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N 46° 42′ 57′′, E 82° 52′ 45′′
515 MASL
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The city wall of the Qing settlement at Chuguchak (Tacheng) pictured in the early 20th century. The old city, built in 1764, was named Suijingcheng by the Qianlong Emperor, meaning “city to establish tranquility”. A new city was built in 1888, two decades after Suijingcheng was destroyed during the Dungan Revolt of 1865. The city wall was completely destroyed in the 1960s during the Cultural Revolution.

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The Karamay–Tacheng Railway under construction, with wind turbines in the background. Built specifically to transport natural resources, in particular coal, the Karamay–Tacheng Railway started operation in 2019. The railway passes through the Mayitasi wind zone, nicknamed “devil wind zone,” where large-scale wind farms are being rapidly developed, including the China General Nuclear Power Group’s Tacheng Mayitasi Wind Farm.

1759: Dzungaria, bounded by the Tianshan Mountains to the south and the Altai Mountains to the north, had long been inhabited by steppe-dwelling nomadic people. The territory came under the control of Qing China after Qianlong Emperor conquered Xinjiang from the Dzungar Khanate (1758–1759).


1764: Qing China built a fort at the riverside of the Ujar River to station troops in 1764, which was relocated to Chuguchak (or Tacheng in Chinese sources) at the foot of the Chuguchak Mountain in 1766 and named as Suijingcheng (literally means “city to make tranquil”).


1822: Qing and Russian possessions in Central Asia came in close proximity as the Russian Empire started to gradually integrate the Kazakh steppe since the late 18th century. Russia defeated three main Kazakh Khans between 1822 and 1848 and built many forts to control the conquered territories.


1851: To compete with Britain, which rapidly expanded trade with China after the First Opium War (1839–1842), Russia pushed for Sino–Russian trade through China’s northwestern regions. Chuguchak and Kuldja (or Ili in Chinese sources) were considered the most important commercial centers of western China, and the 1851 Treaty of Kuldja regularized trade and allowed for Russian settlement at both places.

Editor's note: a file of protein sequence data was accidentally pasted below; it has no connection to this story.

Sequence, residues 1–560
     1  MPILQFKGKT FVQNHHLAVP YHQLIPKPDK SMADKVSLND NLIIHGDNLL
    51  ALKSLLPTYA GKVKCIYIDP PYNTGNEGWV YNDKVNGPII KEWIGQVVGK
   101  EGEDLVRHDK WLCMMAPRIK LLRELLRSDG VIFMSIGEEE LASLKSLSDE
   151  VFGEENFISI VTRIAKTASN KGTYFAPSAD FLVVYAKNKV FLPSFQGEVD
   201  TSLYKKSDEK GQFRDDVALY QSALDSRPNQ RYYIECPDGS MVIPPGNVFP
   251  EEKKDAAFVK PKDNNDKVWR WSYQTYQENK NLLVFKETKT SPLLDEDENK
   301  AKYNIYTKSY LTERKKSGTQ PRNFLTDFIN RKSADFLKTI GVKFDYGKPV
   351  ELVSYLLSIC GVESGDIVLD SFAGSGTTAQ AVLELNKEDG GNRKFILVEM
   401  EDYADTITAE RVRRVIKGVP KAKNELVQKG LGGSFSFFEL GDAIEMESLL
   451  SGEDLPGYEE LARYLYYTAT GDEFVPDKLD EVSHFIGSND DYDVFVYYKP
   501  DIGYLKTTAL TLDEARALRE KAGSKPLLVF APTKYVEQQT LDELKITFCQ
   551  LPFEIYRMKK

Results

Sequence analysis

1860: The 1860 Convention of Peking between Qing China and Tsarist Russia was signed, assigning the basin of the Naryn River, the upper reaches of the Syr Darya, and Lake Issyk-Kul in the Tianshan Mountains to Russia.


1864: The 1864 Protocol of Chuguchak between Qing China and Tsarist Russia was signed to clarify the borderline between the Altai Mountains and the Tianshan Mountains. The entire region between the Lake Balkhash and the Tianshan Mountains, including the western part of the Chuguchak Mountain, was assigned to Russia.


1865: Suijingcheng was destroyed during the Dungan Revolt (1862–1877).


1888: Qing reconquered Xinjiang in 1877, and Suijingcheng was not rebuilt until 1888. The old city was referred to as Han city, and the newly built city located to the south was referred to as Manchu city.


1913: Tacheng County was established.


1917: The port in Tacheng was closed following the outbreak of the Russian Revolution.


1920: The port reopened.


1937: During the Second Sino-Japanese War (1937–1945), particularly after Japan took control of the China’s coast, a logistical lifeline was formed in the Dzungaria, where munitions and other vital supplies entered China at two alternative points, either near Kuldja or near Chuguchak.


1953: The Baketu checkpoint in Tacheng was established.


1962: The Baketu Port was closed following the Ili-Tacheng Incident in the spring of 1962, when more than 67,000 border inhabitants of Xinjiang, most of whom were ethnic Kazaks, fled to the Soviet Republic of Kazakhstan through Korgas and Baketu.


1966: To mediate the aftermath of the Ili-Tacheng Incident and stabilize the border region, Chinese Premier Zhou Enlai dispatched a special team of the Xinjiang Production and Construction Corps (Bingtuan) to establish a belt of state-run farms near the Sino-Soviet border. A total of 38 farms had been established at Ili, Bole, Tacheng, and Altay by 1966.


1969: The Sino-Soviet tension escalated after the abortive 1964 border negotiations. The Sino-Soviet border conflict broke out in 1969, and one of the most violent clashes occurred in August at Tielieketi in Tacheng.


1984: Tacheng County was upgraded to city status.


1990: The Baketu Port temporarily reopened.


1992: The Baketu Port officially opened. Tacheng was designated as a border open city, and Tacheng Border Economic Cooperation Zone was established.


1995: The Tacheng Airport started operation.


2011: The Bingtuan/provincial-level Baketu Industrial Park and the national-level Baketu Border Economic Cooperation Zone (also known as the Liaoning-Tacheng New District) were established. Construction on the Karamay–Tacheng Expressway started in 2011 and completed in 2014.


2013: China’s first “green channel” for rapid customs clearance of agricultural products was opened at the Baketu Port.


2019: The construction of Karamay–Tacheng Railway started in 2014 and completed in 2019.

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